PRIMARY science co-ordinators in England are missing out on in-service training because so much attention is devoted to literacy and numeracy. But nine out of 10 primary and secondary subject specialists are involved in long-term professional development of some kind - and most are changing their classroom practice as a result.
These findings have emerged from a Manchester University survey of 499 primary and 355 secondary subject leaders in 60 schools. It found that while about 96 per cent of English and maths primary co-ordinators in both sectors had participated in a workshop or conference last year, only 79 per cent of science specialists had been offered such opportunities.
The Manchester researchers told the American Educational Research Association conference that their findings were "immensely encouraging".
But they noted that primary science co-ordinators also missed out on longer-term professional development, such as coaching, observing colleagues, or sharing practice.
"These results highlight the pressure the teaching profession is under to meet government pupil attainment targets (in maths and English)," the researchers said.
Overall, almost four in five teachers said undertaking long-term professional development had led them to change their practice. Around half cited changes to planning, and more than two in five to their teaching style. Nearly two in five now assess pupils differently and 28 per cent had revised some aspect of their classroom management.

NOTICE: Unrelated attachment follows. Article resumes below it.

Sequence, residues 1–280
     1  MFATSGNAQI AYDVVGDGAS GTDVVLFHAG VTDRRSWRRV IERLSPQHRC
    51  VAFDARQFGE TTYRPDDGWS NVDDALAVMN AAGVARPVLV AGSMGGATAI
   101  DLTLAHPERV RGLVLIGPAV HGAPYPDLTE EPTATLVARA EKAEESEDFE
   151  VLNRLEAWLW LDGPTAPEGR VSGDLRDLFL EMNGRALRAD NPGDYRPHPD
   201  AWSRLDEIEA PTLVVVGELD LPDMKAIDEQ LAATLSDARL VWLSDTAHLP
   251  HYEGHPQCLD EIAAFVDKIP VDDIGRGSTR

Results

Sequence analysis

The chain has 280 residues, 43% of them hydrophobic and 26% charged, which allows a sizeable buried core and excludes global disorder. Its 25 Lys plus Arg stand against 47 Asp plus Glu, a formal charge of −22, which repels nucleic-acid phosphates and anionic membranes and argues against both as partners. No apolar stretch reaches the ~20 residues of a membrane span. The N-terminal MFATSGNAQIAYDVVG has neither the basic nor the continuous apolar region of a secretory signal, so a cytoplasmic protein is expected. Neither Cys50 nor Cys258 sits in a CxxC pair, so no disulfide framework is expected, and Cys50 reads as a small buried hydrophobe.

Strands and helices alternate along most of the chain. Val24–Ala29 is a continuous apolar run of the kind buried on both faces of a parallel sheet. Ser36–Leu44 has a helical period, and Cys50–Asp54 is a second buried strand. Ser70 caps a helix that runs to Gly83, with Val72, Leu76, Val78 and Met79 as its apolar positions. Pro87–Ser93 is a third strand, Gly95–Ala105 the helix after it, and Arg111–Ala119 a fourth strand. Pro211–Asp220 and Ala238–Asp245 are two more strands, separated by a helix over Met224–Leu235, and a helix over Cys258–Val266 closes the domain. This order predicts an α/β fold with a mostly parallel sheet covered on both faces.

English teachers, both primary and secondary, were more likely than other subject specialists to change their classroom practice and teaching style.
The most highly rated form of training was classroom observation. But more than a fifth said online courses were of poor quality.
The researchers will now try to link changes in teacher practice resulting from professional development to pupil test scores.
* The lack of research into the effects that in-service training has on pupils was highlighted by Thomas Guskey, of Kentucky University. He said that enhancing teachers' subject and pedagogical knowledge may result in big improvements in pupil achievement in inner-city schools with high numbers of unqualified or non-specialist teachers. But in a more affluent school, able to retain good-quality teachers, another kind of training might prove more effective.
"What makes professional development for teachers effective?", Bill Boyle, Marie Brown, Anthony Haynes and David While, Manchester University. Contact firstname.lastname@example.org."The characteristics of effective professional development: a synthesis of lists", Thomas R Guskey, Kentucky University.